UK scientists claim they now know how Earth recovered on its own from a sudden episode of severe global warming at the time of the dinosaurs.
The researchers studied mudrock near Whitby in Yorkshire
Understanding what happened could help experts plan for the future impact of man-made global warming, experts say.
Rock erosion may have leached chemicals into the sea, where they combined with carbon dioxide, causing levels of the greenhouse gas to fall worldwide.
UK scientists report the details of their research in the journal Geology.
About 180 million years ago, temperatures on Earth rapidly shot up by about 5 Celsius.
The cause is thought to have been a sudden release of huge amounts of methane from the sea bed. Methane is itself a greenhouse gas but it is short-lived.
However, it is easily oxidised to carbon dioxide (CO2) which lingers in the atmosphere for long periods of time.
Plants and animals were affected by the sudden rise in atmospheric CO2. Scientists have found evidence of a marine mass extinction during this period that killed off 84% of bivalve shellfish.
Over a period of about 150,000 years, the Earth returned to normal and life continued flourishing. How this happened was a mystery, but now scientists from the Open University in Milton Keynes claim to have a possible answer.
Vast reserves of methane still remain in ocean sediments
"Our new evidence has shown that this warming caused the weathering of rocks on the Earth's surface to rapidly increase by at least 400%," said Dr Anthony Cohen, who led the research.
"This intense rock-weathering effectively put a brake on global warming through chemical reactions that consumed the atmosphere's extra carbon dioxide."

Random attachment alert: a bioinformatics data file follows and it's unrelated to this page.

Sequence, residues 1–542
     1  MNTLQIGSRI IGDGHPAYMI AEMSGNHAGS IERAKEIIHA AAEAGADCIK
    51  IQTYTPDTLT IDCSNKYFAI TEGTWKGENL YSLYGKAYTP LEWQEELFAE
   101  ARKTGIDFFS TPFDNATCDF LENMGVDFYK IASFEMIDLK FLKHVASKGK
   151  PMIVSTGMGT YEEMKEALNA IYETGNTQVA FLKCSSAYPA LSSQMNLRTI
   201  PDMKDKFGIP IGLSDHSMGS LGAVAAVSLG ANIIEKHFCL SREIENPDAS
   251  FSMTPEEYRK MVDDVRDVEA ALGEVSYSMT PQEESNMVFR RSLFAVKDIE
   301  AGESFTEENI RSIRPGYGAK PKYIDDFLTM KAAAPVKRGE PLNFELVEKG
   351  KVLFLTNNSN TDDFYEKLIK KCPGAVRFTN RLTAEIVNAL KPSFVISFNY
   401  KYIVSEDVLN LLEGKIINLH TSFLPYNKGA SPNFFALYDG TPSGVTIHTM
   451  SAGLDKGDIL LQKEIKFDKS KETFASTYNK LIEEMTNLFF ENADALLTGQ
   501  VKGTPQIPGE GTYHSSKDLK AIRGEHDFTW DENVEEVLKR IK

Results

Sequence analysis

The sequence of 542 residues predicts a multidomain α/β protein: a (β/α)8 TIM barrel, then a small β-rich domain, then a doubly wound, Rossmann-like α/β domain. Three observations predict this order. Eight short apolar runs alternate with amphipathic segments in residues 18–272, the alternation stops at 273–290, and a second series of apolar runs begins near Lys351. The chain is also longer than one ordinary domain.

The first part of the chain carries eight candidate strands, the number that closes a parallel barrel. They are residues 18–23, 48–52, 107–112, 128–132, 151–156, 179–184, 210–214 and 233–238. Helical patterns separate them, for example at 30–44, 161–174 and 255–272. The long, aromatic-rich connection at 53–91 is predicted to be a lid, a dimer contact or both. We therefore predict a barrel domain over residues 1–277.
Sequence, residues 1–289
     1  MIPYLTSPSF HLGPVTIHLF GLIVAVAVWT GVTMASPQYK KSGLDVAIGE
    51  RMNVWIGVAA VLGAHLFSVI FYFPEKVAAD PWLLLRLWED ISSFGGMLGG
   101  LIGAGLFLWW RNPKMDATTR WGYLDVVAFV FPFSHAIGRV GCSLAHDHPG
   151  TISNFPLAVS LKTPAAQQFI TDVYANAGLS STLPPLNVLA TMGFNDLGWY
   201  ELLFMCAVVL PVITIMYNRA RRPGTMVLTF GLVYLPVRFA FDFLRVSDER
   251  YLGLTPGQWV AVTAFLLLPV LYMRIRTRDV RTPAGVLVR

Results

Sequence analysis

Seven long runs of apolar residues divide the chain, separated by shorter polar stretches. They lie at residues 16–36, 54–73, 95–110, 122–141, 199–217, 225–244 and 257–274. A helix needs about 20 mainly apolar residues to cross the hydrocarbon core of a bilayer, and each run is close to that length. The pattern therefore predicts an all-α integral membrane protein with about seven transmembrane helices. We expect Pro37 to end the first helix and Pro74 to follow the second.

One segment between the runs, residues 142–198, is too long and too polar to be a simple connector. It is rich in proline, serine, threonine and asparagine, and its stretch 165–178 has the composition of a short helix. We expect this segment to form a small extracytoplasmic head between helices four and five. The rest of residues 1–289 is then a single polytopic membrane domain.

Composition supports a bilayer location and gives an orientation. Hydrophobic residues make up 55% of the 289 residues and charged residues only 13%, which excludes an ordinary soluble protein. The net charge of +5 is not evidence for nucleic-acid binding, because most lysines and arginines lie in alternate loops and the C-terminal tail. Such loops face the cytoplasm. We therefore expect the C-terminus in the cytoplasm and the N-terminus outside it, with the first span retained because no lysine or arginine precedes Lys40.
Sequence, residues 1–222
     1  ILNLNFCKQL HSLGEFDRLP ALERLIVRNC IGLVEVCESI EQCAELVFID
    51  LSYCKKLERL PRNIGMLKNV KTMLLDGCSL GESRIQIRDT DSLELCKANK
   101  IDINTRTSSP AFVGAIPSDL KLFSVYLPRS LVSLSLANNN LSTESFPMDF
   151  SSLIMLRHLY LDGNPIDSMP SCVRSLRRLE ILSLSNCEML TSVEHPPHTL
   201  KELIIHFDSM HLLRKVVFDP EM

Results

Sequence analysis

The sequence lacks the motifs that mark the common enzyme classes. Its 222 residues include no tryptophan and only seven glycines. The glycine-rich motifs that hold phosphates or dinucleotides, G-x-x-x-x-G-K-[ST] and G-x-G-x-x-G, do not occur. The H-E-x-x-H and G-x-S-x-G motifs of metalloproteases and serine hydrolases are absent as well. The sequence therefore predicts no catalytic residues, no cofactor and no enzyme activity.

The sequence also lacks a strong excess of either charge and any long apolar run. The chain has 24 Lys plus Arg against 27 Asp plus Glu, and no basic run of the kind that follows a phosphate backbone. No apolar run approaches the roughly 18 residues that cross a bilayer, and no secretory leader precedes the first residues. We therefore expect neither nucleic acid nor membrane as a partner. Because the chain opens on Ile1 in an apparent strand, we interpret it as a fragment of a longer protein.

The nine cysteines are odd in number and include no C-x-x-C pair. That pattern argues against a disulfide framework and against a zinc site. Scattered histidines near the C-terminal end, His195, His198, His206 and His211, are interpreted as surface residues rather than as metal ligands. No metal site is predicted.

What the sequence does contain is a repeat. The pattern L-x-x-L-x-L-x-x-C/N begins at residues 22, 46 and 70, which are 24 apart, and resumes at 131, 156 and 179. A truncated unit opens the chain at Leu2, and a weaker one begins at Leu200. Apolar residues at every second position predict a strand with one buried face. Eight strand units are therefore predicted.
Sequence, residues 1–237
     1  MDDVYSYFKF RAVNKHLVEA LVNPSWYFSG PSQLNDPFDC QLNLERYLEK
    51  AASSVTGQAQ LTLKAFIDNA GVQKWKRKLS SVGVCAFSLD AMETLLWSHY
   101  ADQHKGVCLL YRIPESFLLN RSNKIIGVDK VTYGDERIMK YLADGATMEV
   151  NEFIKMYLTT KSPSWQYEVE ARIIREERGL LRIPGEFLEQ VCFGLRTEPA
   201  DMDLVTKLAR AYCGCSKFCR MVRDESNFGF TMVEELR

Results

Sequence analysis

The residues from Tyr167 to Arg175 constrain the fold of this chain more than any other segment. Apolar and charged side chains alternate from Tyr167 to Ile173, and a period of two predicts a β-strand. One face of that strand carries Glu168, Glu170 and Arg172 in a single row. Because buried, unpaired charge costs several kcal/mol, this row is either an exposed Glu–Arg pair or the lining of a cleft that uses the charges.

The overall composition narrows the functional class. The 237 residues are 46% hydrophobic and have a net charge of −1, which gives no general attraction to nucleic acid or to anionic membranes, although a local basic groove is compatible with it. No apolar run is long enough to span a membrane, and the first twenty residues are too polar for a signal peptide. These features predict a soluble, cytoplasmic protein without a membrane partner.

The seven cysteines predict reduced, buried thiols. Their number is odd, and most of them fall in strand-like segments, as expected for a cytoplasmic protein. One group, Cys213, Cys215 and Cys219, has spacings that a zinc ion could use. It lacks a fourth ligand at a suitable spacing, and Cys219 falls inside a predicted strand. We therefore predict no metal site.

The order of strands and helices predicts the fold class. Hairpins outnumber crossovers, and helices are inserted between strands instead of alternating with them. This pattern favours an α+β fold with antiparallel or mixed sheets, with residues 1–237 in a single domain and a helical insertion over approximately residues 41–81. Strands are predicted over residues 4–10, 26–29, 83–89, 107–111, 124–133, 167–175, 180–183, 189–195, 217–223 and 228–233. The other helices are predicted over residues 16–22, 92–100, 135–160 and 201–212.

They discovered that intense rock weathering coincided with warm conditions and high atmospheric CO2.
Weathering occurs through the action of rain. Although the researchers did not uncover direct evidence for increased precipitation, they believe there were no limitations on water during the period.
The warm conditions caused by the "methane burp" would have sped up the rate at which weathering occurred. This led to minerals such as calcium and magnesium eroding from rocks and pouring into the sea.
Calcium combined with CO2, for instance, would have caused the precipitation of calcium carbonate. This process of CO2 consumption would have lowered levels of the greenhouse gas on a global scale.
As CO2 levels fell, so did global temperatures.
"Global warming is affecting the climate today, but it's very difficult to predict what's going to happen," Dr Cohen told BBC News Online.
"The reason for doing these studies is that you get the whole history. If you learn what happened then, that can inform how you deal with [the same problem] in future."
Dr Cohen added that there are still vast reserves of carbon - possibly as much as 14,000 gigatons - locked up as methane ice in ocean sediments.
If global temperatures reach a critical point, it is possible they might suddenly be released into the atmosphere causing a similar event to the one that occurred during the Jurassic.
"What we have learned from these rocks is how the Earth can, over a long time, combat global warming. What we need to discover now is why and at what point it goes into combat mode, and precisely how long the conflict takes to resolve," he explained.
Dr Cohen and his colleagues based their results on studies of mudrock rich in organic material and collected near Whitby in North Yorkshire.